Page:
The optimal anti-oxidant
The way to measure an appropriate or ‘optimal’ anti-oxidant is not only by its ability to counteract free radicals but primarily by its safety and versatility, say Dr Vladimir Badmaev and Dr Muhammed Majeed in the concluding part
Health and Disease-II
To support the anti-oxidant system of the body, we may resort to supplemental vitamins, minerals and natural compounds such as phenolics or flavonoids, which have the ability to counteract free radical damage. Measured anti-oxidant supplementation is particularly recommended when the anti-oxidant defense is gradually overwhelmed despite proper nutritional and behavioural modifications.
This negative occurrence may be due to the aging process, disease, the wear and tear of daily pressures, or from forcible physical exercise, as in the case of professional athletes.
The way to measure an appropriate or ‘optimal’ anti-oxidant is not only by its ability to counteract free radicals but primarily by its safety and versatility (first do no harm). Effective and safe anti-oxidants scavenge free radicals at the cost of becoming weak and short-lived free radicals themselves. Ideally, these ‘second-hand’ free radicals should be unreactive products, and should not pose a health hazard. Some synthetic anti-oxidants like BHT or BHA commonly used in the food industry, although powerful scavengers, result in the formation of long-lasting ‘second hand’ free radicals.
The other important aspect of an effective and safe anti-oxidant’s use is to remember that ‘more’ is not necessarily ‘better.’ This means that the anti-oxidant should be used in a quantity that preserves the balance in the body, without shifting that balance into inhibiting the physiological or natural oxidative processes. A useful addition to the vocabulary on effective and safe anti-oxidants is the term ‘bioprotectant.’
Anti-oxidants with bioprotectant effects have been defined in laboratory analyses to show that they can prevent free radicals formation in the first place and intervene to neutralize free radicals which have already been formed. This definition of bioprotectant activity is based on original research by the authors in cooperation with Rutgers University in New Jersey.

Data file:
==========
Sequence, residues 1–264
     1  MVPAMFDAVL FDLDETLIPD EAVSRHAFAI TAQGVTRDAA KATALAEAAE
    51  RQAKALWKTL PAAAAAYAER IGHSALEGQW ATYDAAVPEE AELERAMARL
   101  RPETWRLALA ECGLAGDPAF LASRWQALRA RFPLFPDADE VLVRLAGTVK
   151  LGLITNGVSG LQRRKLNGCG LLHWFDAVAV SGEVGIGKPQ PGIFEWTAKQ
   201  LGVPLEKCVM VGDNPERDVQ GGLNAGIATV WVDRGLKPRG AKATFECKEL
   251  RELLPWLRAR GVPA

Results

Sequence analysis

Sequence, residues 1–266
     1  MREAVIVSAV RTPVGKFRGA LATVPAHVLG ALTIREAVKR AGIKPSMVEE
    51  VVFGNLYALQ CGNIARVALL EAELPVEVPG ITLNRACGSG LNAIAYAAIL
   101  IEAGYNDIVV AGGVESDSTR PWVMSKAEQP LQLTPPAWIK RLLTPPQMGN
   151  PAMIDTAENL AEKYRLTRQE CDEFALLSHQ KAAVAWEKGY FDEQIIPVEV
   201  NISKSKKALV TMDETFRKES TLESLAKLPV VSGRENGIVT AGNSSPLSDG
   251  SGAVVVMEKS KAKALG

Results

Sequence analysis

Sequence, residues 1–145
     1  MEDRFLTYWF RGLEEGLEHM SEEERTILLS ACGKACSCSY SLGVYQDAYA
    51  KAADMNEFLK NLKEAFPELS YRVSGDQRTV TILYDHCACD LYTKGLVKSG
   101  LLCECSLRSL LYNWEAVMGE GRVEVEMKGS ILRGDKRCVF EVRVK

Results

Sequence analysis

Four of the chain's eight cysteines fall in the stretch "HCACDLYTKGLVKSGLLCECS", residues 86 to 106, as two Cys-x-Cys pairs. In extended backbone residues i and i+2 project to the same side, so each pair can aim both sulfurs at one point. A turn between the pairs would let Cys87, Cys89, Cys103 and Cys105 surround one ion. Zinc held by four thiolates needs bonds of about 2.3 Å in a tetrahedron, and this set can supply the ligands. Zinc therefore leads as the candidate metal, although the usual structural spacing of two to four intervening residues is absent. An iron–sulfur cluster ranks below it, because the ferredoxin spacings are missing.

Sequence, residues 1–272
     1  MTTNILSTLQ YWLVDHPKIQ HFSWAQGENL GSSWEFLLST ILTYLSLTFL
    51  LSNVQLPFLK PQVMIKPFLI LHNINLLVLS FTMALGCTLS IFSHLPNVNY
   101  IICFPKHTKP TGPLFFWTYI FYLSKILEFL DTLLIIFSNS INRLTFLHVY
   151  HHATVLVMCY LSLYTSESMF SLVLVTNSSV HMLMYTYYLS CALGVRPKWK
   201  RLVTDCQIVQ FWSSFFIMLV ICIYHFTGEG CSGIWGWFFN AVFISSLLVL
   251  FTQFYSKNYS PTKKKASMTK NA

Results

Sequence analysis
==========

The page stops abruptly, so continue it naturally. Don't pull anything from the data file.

The three main phenolic anti-oxidants, or curcuminoids, that were isolated from turmeric root (Curcuma longa fam. Zingiberaceae) in specific proportions, ie. curcumin, demethoxy curcumin and bisdemethoxy curcumin fit into the definition of an anti-oxidant compound that is also a bioprotectant. It should be noted that relatively few anti-oxidants nutrients have bioprotectant activities, and most natural and synthetic anti-oxidants can only intervene or quench free radicals.
Interestingly, curcuminoids besides being versatile anti-oxidants exert an anti-inflammatory mechanism which is more precise and safe than that of aspirin. For example, a recent study on curcuminoids done at the prestigious Sloan-Kettering Cancer Research Center in New York showed that the anti-inflammatory mechanism of curcuminoids operates by suppressing the enzyme cylooxygenase type 2 (Cox-2) which excessive activity is responsible for manufacturing the inflammatory compounds (eg. prostaglandin thromboxane) in the body (the daily recommended anti-oxidant dose of curcuminoids is 50-150 mg; the anti-inflammatory dose is 500 mg tid).
A particular group of anti-oxidant ingredients that should be mention are those which can play a preventive and positive nutritional role in a disease. Nowhere is the need for an appropriate anti-oxidant supplementation more obvious than in the devastating disease of diabetes. The course of diabetes, particularly the adult onset type (NIDDM or type II diabetes), if diagnosed in its early stages can be dramatically improved with life style and dietary modification, including the use of anti-oxidants. Oxidative stress is one of the major mechanisms in diabetics that leads to accelerated cataract formation and eye retina damage with resulting blindness, as well as nervous and cardiovascular system damage (accelerated atherosclerosis being a major cause of mortality among diabetics).